The immune system overreacts to allergens, treating them as threats even though they are harmless to most people.
Q: Are allergies inherited? Can specific allergies be passed down from parents to children?
Allergies have a genetic component, and studies have shown that if a person suffers from allergies, there is a 33 percent chance that their child will develop allergies as well.
If both parents have allergies, the risk increases to 70 percent. However, children are not necessarily inheriting specific allergies but are more likely to develop allergies in general.
Q: Can children outgrow their allergies?
Yes, children can outgrow their allergies. While some allergies persist throughout life, others may diminish or disappear as a child's immune system develops and changes.
It is important to consult with healthcare professionals for proper diagnosis, monitoring, and guidance.
Q: Why have allergies been increasing since the 1980s?
The prevalence of allergies, including food allergies, has been on the rise since the early 1980s.
Although the exact reasons for this increase are not fully understood, factors such as air pollution have been suggested as possible contributors.
Studies have linked pollutants like sulfur dioxide and carbon monoxide to allergic asthma.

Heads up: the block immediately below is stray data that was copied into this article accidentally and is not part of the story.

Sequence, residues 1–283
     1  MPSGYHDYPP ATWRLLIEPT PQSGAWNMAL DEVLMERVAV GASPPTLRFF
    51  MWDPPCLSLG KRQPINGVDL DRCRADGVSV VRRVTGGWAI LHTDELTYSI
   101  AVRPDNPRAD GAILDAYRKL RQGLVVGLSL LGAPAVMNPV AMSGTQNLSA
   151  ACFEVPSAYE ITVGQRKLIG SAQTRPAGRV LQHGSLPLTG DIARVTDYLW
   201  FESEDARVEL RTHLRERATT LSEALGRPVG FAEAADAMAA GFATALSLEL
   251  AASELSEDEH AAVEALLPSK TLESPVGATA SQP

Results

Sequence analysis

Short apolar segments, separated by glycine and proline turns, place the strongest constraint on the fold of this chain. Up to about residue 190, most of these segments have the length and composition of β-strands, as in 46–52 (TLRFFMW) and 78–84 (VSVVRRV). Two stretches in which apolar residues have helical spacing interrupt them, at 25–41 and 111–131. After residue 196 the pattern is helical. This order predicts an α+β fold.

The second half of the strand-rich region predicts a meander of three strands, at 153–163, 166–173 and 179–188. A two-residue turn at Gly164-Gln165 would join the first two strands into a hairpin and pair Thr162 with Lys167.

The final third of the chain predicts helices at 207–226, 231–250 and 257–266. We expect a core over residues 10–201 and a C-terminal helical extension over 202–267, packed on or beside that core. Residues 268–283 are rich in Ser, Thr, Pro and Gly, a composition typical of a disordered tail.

Q: What are some natural remedies for managing allergies?
Natural remedies can help alleviate allergy symptoms, but they should complement regular allergy remedies and not replace medical advice. Some natural approaches include drinking alkaline water, consuming green tea, using nettle as a tea or drops, rinsing the nostrils with a saline solution, and eliminating industrial sugars from the diet during allergy season.
Q: Is there a cure for allergies?
Currently, there is no known cure for allergies. However, ongoing research aims to better understand the mechanisms behind allergies and develop more effective prevention and treatment strategies.
Working with healthcare professionals can help individuals with allergies identify triggers, manage symptoms, and improve their quality of life.
Please note that for personalized advice and treatment, it is important to consult with healthcare professionals or allergists.